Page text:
RALEIGH, N.C. (WNCN) — A Wake County Democrat says she’s considering moving as a result of the way Republicans redrew the election districts for the General Assembly.
Under the new state Senate district map unveiled this week, Democratic Sen. Lisa Grafstein (D-Wake) lives in the same district as Democratic Sen. Jay Chaudhuri.
Rather than the two of them face off in a primary, Grafstein said she’s considering whether to move into a newly drawn district in southern Wake County that would be much more competitive in next fall’s general election.
“What it’s done, essentially, is create a lot of chaos,” Sen. Grafstein said in an interview. “We need to continue to have strong representation for Wake County and push back against this sort of sledgehammer that’s been taken to Wake County.”
Under the state Constitution, state lawmakers have to live in the district they represent for one year prior to the election. That would mean Grafstein would have to make a decision soon.
“I feel like I’m not done serving. I feel like I have work that I still want to try to do at the legislature,” she said.
Grafstein has been a vocal critic of the law Republicans passed earlier this year that places new limits on abortion. As one of the few LGBTQ+ members of the legislature, she also has been concerned about new laws enacted this year that ban gender-affirming care for transgender minors and ban transgender females from women’s sports.
Grafstein said it’s a goal of hers to roll back those laws “as we build Democratic power in the legislature, undoing some of the harm that’s been done through things like the abortion ban, for a lot of the anti-LGBTQ issues.”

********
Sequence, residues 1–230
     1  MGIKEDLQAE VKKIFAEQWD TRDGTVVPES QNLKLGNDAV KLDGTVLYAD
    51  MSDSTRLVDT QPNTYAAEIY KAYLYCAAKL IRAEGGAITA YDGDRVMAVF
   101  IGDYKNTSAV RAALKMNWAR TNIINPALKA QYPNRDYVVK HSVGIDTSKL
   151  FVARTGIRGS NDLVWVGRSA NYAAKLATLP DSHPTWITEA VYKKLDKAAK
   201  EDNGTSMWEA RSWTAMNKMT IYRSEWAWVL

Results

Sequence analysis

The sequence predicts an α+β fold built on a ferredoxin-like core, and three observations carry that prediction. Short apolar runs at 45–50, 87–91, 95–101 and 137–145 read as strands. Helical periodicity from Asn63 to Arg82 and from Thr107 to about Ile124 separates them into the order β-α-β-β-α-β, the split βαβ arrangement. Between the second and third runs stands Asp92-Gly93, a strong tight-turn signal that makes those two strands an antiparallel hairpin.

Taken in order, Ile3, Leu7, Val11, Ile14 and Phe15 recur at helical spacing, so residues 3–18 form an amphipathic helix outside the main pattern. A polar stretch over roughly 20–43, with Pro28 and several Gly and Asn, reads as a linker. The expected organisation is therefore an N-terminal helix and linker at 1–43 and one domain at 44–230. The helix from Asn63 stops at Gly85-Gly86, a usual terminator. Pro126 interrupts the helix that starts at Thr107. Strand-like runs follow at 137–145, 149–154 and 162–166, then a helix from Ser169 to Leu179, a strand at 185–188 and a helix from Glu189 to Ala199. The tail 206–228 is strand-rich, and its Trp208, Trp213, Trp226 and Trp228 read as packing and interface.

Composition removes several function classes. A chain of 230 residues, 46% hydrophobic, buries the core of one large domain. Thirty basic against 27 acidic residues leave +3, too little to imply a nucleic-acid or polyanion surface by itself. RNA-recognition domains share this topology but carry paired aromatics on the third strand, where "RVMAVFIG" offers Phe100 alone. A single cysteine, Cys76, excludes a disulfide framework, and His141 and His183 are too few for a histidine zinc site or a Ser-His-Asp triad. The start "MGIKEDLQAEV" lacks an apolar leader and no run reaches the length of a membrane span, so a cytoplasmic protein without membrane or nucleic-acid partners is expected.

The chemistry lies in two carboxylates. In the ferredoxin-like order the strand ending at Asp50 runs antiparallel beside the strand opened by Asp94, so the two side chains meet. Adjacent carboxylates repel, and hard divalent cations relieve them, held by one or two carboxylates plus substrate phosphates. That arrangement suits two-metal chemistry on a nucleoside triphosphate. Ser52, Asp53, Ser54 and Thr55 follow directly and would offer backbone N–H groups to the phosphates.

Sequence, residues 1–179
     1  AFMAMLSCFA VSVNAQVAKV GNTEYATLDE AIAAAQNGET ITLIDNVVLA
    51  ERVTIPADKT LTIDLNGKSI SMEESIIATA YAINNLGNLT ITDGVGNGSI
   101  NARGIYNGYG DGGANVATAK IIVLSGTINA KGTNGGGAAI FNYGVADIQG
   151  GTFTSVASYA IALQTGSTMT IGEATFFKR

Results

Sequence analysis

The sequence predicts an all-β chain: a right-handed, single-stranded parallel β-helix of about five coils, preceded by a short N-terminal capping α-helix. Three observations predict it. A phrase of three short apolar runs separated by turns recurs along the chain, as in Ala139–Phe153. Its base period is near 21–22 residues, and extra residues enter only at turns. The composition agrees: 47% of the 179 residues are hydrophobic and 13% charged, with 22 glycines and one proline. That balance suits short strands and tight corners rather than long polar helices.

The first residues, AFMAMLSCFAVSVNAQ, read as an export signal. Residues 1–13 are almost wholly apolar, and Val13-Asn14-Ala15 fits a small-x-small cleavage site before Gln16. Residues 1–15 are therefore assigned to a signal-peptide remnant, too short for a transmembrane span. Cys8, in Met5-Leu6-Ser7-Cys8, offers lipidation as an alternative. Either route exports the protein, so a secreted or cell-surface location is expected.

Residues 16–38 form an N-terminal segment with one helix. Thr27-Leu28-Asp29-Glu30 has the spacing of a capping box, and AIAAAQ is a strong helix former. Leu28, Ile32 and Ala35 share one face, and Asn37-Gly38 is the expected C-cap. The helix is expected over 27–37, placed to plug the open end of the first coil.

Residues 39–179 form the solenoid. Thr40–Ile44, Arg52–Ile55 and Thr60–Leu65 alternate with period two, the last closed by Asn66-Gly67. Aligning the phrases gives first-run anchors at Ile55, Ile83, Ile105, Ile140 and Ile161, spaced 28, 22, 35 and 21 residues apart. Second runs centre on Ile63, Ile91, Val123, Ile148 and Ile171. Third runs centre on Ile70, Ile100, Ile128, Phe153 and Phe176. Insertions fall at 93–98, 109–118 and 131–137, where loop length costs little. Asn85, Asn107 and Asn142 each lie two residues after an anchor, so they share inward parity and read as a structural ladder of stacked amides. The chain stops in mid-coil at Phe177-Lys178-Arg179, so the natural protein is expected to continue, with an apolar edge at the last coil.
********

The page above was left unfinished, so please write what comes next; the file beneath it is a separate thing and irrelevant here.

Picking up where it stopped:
Grafstein and Chaudhuri are not the only lawmakers who have been “double-bunked” in the same district.
Sen. Natasha Marcus, a Democrat from Mecklenburg County, would be in the same district as Sen. Vickie Sawyer, a Republican from Iredell County. That new district strongly favors Republicans based on recent election data.
Two years ago, the GOP drew a similar map that put Marcus and Sawyer in the same district but later changed that plan.
“I think we finally got them to admit at the end that the only criteria that seemed to matter to them was political gain,” she said. “There were a lot of these districts that did not need to be changed, and they were only changed for political reasons.”
When asked why these double-bunkings only occurred in Wake and Mecklenburg counties and affected Democrats, Republicans pointed to previous court rulings that outline what counties must be grouped together to form districts.
“That’s the areas where it is possible under the redraw to occur. Not that that was the target. The target was to minimize those as much as possible. But, we did have two in the two largest counties,” said Sen. Ralph Hise (R-Mitchell).
The General Assembly is scheduled to vote on the new district maps next week.
Republicans submitted two differing proposals for the state’s 14 congressional districts. Those plans would likely help the GOP gain three to four seats in the U.S. House.
As of Friday, it was unclear which plan Republicans would attempt to pass.